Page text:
The Connecticut countryside faces invading hordes — of plants, and Yale’s landscaping is complicit in the onslaught, said ecologists from the Yale School of Forestry & Environmental Studies.
Yale’s plants include nonnative species that take over local ecosystems. These invasive species drive out plants and animals that do belong in these ecosystems and can eventually upset the water table and wildfire patterns. While Yale Facilities controls the growth of its invasive shrubs and trees on campus, the plants produce seeds that birds and winds distribute miles away in green space vulnerable to invasion.
[ydn-legacy-photo-inline id=”5777″ ]
[ydn-legacy-photo-inline id=”5778″ ]
[ydn-legacy-photo-inline id=”5761″ ]
The problem, said Ann Camp, lecturer in stand dynamics and forest health, is that Connecticut countryside has no natural control mechanisms for nonnative species. So the state must step in to protect its land. Since 1998, Connecticut plant nurseries may no longer sell over 100 species of blacklisted foreign plants.
The list pits the interests of the horticultural industry and ecologists against each other, said Camp, because invasive species have sold well to landscape contractors and homeowners alike who appreciate their resilience; nevertheless, they threaten overall habitat health.
“Many of the species are staples of their industry,” she added.
She said she believes that the lobbying power of the horticultural industry kept the banned plants list brief. However few they may be, some of these outlaws still thrive within Yale’s greenery.
The presence of invasive species on campus is disturbing to environmental health specialists, said Camp.
Yale stated in its recently released Sustainable Strategic Plan that the university will experiment with native plants on campus within the next three years. As long as Yale continues to seek LEED certification for its landscaping, the university will need to strategically choose native plants for placement on the campus grounds.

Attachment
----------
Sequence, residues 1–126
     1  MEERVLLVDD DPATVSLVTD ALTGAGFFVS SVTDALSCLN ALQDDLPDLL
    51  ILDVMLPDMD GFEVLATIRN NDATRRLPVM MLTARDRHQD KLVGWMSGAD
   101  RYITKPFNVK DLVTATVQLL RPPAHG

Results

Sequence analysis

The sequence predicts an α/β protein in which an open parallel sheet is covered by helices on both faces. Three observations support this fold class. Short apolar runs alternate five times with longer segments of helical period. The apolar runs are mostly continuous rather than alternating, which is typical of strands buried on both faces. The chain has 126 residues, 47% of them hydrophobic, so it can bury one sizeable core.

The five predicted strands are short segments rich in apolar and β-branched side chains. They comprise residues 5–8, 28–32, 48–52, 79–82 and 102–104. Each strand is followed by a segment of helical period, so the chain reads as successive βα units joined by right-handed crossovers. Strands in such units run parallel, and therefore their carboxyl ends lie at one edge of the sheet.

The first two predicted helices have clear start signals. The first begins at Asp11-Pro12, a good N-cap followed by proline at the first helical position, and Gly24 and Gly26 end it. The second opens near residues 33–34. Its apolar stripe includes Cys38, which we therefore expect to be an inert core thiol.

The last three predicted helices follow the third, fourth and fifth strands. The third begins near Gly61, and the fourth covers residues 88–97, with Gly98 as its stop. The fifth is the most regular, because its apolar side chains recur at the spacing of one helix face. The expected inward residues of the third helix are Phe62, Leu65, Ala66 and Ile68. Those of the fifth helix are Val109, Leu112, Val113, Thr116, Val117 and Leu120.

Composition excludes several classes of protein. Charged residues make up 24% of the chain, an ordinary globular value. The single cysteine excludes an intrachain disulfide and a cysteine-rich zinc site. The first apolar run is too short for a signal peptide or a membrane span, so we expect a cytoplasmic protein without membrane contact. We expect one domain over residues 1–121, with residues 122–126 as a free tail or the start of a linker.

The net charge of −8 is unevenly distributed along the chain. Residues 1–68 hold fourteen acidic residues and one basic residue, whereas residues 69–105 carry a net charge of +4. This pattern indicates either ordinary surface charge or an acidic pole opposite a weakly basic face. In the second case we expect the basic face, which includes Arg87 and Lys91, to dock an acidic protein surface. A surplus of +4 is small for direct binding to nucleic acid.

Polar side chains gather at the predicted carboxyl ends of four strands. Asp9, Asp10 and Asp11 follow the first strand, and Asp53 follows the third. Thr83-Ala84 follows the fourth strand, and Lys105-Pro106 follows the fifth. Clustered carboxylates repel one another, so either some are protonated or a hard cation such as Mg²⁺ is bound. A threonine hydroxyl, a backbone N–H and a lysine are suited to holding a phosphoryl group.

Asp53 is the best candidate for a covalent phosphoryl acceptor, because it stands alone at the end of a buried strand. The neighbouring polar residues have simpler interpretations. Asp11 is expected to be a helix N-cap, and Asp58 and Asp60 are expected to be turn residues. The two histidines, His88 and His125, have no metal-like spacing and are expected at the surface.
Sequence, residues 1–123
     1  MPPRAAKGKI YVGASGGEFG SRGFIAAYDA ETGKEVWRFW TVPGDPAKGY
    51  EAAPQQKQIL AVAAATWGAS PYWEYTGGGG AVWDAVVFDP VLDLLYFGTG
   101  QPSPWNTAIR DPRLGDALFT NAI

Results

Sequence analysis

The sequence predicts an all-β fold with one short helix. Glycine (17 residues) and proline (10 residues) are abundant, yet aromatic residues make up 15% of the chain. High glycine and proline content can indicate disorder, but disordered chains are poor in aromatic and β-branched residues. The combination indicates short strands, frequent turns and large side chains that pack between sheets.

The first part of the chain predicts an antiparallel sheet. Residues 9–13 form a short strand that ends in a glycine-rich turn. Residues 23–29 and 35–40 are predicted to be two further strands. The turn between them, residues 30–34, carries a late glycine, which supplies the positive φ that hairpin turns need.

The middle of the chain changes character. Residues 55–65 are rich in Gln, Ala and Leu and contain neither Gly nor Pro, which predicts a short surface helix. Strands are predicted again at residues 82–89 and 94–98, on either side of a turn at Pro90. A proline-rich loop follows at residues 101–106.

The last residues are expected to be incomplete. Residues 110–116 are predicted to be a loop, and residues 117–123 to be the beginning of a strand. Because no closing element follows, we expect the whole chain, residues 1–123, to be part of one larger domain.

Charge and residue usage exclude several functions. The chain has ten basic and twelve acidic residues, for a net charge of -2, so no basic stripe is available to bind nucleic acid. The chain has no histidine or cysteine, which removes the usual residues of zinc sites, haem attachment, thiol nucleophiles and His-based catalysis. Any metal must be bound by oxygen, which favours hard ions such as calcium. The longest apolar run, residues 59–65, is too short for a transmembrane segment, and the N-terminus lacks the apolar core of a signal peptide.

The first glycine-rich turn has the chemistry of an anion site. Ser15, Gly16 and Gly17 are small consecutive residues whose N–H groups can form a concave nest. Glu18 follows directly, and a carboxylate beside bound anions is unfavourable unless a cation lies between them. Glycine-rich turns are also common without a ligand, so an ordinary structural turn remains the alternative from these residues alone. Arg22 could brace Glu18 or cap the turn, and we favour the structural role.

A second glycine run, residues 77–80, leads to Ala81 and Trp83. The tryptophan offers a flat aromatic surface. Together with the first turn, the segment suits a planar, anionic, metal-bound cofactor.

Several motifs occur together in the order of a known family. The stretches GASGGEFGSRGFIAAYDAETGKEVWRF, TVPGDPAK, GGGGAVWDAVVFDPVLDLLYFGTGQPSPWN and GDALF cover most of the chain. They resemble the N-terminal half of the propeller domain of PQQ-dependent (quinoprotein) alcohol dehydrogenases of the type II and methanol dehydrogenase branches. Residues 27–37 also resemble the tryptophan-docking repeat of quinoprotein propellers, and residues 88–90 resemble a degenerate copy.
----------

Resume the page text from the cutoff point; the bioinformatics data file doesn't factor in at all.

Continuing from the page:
Efforts to cleanse urban habitats of invasive plants sometimes take the form of personal vendettas, Camp explained.
Until last week, an invasive Burning Bush plant that was thirty feet long and rose above eye-level grew outside the Global Institute for Sustainable Forestry in Marsh Hall. But on Oct. 18 Camp’s colleague brought out a chainsaw and chopped it down, she said.
Camp said the University planted invasives like the large shrub before they were banned.
One building over from Kroon Hall, which selected native plants for its courtyards, the Burning Bush’s red leaves hide an entire side of Sage Hall, a sight that angered some students.
“The forestry school shouldn’t keep things that are ecologically dangerous outside their door,” Marlyse Duguid FES ’10 said.
The problem lies in a lack of communication between the School and Yale Landscaping, Camp said.
Duguid explained that many professors involve themselves in local efforts for plant removal rather than campus-based ones.
“We’re not as involved with what Mother Yale does,” Camp said.
GREEN CITY, GOOD CITY?
Adding green spaces to urban areas is always positive — even when it involves foreign plants, Eric Larson, director of Marsh Botanical Gardens, said. Any plant helps cool the city and clean its air, he noted.
Invasive species make popular city plantings for precisely the reasons that they prove dangerous to delicate ecologies, Larson said. They are hardier and their foliage often lasts later into fall than native species, allowing them to store more energy than their native neighbors, he explained.
A changing climate and a mobile population allow new invasive species to become threats quickly.
Camp pointed to the Japanese Stiltgrass that recently appeared along the stairs leading to Marsh Botanic Gardens. In just the last few years it has spread from the Mid-Atlantic states to New England.
But Camp’s current target is the destructive Asian long-horned beetle, which is destroying New England’s maple trees.
In Massachusetts, the beetle has become a federal concern; USDA officials will remove infected trees on private and public lands with or without the owner’s permission in order to protect Vermont’s maple syrup industry, Duguid explained.
Back in New Haven, the Yale campus is having enough trouble with the Japanese stiltgrass and Norway maple trees.
Thankfully, Camp said, the beetles have yet to arrive.